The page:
Newark.. J Jl xr J
Beiliiire Ar 4:.U
Hew York..- UTJj .
X-oevlIle Arremmmlilion will lenvc
CoIiiiiiI.uh daily except Sunday at 5:-i 1'. M.,
and arrive at Zanesviile at H:lj P.M., slop
ping at all stations.
. t' GOING WEST:
Ex. "Kxpres Aconra
New York-L (:1Sa
"i"1""" 1 ol
Mil ford Jc : 1:4 "
, ,, . 1 ifi
Cromwell-... - In
A!hkm. S :m
. 4 07
hi'iifM 4 : fit
ll 4ii in
2 III S ..I
:tl5 lo J
3: 1.1AM 4'iSI P
4 :: li 25
4 57 7 OH
5 s it
li 15 lu 00
7 OS 12 15AM
S:25 2 as
7 45 7:V
8 l:i i :n
x:.: 10 in
lKn 1 5ii'M,
ll:l. 3 5n
12:-.".p 7 l
l:ui . S WAV
2 2i III 14
2 :17 III SI .
.ill II III
4 2s 2 !7
4 41 2 53
l.xl 5 4s
. H:l i
. 4: l
. 3 IS
Chic Jc-Lt .
Republic 6 47
Auburn Jc .11:2
villa II 1 1 S5
Albion ..I2 17AM
Cromwell 12 :::l
Milford Jc 1 1
Bremen 1 5D
South Chic siii
Chicago Ar :W
ZaneavillM Aeramin-Mlation lenv.-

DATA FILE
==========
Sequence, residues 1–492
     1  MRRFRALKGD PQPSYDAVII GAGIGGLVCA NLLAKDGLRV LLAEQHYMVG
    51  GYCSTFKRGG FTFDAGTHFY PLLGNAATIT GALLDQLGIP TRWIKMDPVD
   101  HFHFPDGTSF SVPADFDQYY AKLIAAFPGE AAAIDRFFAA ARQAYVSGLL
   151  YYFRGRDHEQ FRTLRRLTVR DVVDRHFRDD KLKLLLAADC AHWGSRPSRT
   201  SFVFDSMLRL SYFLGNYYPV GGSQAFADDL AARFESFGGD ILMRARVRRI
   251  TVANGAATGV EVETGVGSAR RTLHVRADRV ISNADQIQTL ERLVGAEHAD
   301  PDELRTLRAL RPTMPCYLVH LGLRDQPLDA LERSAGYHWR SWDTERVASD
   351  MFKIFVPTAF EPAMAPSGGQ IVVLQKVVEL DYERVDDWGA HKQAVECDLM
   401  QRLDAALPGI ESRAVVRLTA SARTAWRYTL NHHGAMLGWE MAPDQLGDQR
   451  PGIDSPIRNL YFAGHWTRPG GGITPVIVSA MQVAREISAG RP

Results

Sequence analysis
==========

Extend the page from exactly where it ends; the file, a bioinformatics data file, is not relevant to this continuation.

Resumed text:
Zanesville daily except (Sunday al :!.( A.
ana arrives at toiurauus ai v:, a. m.
stopping at all stations.
r.xon Trnin, inn dailv. otbor trains
Baily except buuday.
W. C. QTJINCY, Gen'l Manaser, Sew -k. ,
Tuos. 1. Bahkt,
Western PaVs Ay't, Cincinnati.
L. M. Coi, Gen'l Ticket As't, Bahimore.
WENNEE, & CO.
JrlTerson Nl., Titlin.Oliio,
Have on hand a large and fine stock o
Carriages, Buggies and Wagons.
WEJfNER C o.
rPTTFMV T TiTT V
h i , S 111 III! Tj
-a----1- J--' x xllJi ' XJ
ID-TOE' AXT, PEOFEI ETOP.K.
FIS.m T L011K, n"i;ST MARKET 15TUKI7,
FCnLI.SH SO EVEKT
TU XJItSDA T E VEXING.
ft t? t
i i i j j
' ' ' '
hioro nomi.er or payiaciiaWribera
ui any two n.ip-n tn me ronnty.
ECSA FIDE CIRCULATION. - - 2400
TEKMS One year, in artvanee, i; 00
in. ,:. 51 I" ; 'J fir.-e monlijs. l rem.
ADVERTISING TheTtntr?ot a art -venining
meiiium banoujierior. Jt has a
larzeeireulation. and I rea-I tir a tlirifiy.